At the Amani School, which serves grades five through eight, Kool Nerd Clothing sponsored an essay contest, in which Barrett provided winners Kool Nerd T-shirts and gift cards to Barnes & Noble Booksellers. “What we do closely aligns with Kool Nerds,” says Ann-Marie Ditta, director of development and community engagement for the school. When Barrett met with the students, “It was just amazing how they were totally engaged,” she says.

Since Barrett left investment banking to devote himself full time to Kool Nerds, the business has entered a new phase. Everything up until then—the initial batch of T-shirts, the company website and Facebook page—had been part of what’s called in the business world a proof-of-concept launch.

“I did not expect the response to be as positive as it was,” Barrett says. With the help of Delfish and Melanie Isaac, who is in charge of marketing, Barrett is working to attract investors. This year, he’ll be taking Kool Nerds Clothing to trade shows, and seeking investors and manufacturing contracts in Los Angeles, New York, and Toronto. The company is also preparing to relaunch its website and social media presence.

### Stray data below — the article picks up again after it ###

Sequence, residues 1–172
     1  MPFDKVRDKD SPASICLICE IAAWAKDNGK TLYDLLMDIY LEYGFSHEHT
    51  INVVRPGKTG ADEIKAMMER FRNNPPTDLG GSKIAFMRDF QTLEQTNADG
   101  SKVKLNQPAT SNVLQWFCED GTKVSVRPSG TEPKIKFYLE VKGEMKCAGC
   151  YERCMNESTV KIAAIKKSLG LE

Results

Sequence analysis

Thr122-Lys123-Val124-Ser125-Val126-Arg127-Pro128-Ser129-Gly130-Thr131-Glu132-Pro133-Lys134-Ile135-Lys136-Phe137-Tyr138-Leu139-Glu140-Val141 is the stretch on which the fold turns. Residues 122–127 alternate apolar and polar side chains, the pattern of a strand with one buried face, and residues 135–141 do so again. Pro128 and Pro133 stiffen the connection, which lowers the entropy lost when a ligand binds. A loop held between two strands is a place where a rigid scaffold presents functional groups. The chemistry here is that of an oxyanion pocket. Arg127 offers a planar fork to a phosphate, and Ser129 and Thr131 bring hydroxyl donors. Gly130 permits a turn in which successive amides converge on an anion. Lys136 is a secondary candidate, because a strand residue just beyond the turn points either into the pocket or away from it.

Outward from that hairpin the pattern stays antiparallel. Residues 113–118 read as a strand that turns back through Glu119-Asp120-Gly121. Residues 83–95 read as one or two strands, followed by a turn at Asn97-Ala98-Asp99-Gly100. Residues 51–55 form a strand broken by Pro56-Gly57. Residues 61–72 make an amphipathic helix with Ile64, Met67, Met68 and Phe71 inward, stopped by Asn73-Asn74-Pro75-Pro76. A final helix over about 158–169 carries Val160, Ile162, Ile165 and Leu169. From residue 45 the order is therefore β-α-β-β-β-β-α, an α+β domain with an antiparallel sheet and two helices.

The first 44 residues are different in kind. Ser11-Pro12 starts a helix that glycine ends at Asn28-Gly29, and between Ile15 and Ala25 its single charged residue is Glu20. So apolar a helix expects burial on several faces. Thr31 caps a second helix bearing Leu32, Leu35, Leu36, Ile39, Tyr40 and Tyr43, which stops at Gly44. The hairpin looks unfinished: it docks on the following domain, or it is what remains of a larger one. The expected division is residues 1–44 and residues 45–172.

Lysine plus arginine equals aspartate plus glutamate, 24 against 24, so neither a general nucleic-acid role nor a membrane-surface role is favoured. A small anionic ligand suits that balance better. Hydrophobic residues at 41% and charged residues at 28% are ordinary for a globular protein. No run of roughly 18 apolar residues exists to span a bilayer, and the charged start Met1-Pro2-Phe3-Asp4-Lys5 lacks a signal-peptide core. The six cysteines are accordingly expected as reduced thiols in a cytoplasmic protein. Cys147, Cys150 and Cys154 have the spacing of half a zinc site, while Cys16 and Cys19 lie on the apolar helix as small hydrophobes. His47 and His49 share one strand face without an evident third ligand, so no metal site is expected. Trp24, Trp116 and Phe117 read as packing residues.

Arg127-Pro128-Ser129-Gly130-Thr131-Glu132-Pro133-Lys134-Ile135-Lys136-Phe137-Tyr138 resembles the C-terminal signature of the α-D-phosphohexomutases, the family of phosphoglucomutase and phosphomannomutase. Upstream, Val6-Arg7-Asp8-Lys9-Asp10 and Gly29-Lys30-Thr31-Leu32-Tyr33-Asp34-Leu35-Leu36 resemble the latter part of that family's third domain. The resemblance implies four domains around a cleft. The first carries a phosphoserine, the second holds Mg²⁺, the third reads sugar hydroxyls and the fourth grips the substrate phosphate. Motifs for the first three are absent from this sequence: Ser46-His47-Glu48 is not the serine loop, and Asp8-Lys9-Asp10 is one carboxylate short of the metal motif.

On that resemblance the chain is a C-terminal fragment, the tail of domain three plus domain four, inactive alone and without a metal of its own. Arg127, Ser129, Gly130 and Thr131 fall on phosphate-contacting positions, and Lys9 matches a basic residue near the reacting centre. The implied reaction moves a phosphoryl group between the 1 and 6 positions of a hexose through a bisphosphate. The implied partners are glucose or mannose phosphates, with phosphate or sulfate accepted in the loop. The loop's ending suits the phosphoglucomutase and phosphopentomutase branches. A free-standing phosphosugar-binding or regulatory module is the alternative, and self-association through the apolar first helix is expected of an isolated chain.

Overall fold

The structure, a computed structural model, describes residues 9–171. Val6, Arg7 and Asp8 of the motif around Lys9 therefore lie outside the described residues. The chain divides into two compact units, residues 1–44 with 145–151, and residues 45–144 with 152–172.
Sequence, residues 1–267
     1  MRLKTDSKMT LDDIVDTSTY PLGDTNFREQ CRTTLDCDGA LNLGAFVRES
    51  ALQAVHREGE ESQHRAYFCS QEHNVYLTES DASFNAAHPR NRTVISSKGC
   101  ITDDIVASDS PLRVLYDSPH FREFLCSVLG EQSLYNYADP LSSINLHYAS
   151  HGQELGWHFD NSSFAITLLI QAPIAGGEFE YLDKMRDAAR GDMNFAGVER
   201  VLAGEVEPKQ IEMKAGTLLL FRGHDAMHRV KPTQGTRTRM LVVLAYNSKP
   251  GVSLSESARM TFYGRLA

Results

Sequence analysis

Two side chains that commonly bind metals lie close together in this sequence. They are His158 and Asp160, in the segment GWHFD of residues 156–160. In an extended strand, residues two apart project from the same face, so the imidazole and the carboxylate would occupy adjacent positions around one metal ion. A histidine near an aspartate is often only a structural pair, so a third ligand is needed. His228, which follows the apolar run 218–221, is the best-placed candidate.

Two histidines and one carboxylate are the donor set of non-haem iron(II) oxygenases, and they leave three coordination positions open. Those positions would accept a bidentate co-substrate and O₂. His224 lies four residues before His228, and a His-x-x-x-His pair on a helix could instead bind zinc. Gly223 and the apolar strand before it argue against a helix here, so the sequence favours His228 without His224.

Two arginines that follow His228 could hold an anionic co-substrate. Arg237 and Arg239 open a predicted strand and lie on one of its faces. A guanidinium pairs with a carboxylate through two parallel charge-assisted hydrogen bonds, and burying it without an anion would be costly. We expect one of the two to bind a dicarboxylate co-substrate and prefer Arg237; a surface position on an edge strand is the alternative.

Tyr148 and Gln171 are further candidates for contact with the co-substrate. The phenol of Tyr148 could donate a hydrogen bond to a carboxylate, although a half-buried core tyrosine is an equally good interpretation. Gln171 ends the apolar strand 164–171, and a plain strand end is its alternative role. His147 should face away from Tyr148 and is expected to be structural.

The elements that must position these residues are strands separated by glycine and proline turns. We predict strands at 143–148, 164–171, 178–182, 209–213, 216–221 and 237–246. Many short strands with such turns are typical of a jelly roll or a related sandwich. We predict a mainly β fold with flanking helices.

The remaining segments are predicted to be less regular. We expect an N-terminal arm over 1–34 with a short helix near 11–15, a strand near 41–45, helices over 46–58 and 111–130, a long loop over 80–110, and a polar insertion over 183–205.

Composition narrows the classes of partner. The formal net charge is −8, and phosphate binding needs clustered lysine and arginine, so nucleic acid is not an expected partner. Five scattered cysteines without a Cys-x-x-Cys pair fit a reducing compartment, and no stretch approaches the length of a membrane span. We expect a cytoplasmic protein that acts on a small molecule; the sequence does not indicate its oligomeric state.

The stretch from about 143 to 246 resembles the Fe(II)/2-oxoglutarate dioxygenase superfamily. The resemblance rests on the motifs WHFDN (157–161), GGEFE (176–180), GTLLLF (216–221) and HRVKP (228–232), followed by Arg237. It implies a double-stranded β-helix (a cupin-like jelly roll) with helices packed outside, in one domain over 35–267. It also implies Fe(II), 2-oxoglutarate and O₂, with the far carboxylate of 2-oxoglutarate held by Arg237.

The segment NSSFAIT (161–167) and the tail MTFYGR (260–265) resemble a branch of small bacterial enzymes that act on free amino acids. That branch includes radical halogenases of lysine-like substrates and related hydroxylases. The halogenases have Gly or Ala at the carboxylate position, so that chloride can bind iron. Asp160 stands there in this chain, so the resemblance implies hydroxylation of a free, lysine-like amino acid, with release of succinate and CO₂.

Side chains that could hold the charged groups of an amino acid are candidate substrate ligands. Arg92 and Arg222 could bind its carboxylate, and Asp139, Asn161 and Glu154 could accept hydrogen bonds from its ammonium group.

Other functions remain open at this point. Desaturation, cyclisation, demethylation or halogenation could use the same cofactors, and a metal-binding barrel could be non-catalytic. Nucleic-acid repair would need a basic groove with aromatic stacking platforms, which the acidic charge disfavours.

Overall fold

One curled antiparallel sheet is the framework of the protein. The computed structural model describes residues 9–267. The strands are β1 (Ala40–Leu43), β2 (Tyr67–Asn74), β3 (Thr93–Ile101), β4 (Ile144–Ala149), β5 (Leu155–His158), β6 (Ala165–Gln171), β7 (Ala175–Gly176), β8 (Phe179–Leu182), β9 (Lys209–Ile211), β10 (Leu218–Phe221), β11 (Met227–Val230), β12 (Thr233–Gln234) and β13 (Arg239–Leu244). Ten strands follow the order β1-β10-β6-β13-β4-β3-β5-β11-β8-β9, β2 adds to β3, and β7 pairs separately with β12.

Meanwhile, Barrett continues to visit schools. In February, he took his message to high school students in Rochester, as well as to first-generation University undergraduates, speaking to them at an event sponsored by the David T. Kearns Center for Leadership and Diversity in Arts, Sciences & Engineering.

“Just to have that kind of impact is something I really enjoy and hope this brand can start to do,” Barrett says.

“But we know we have to be cool first.”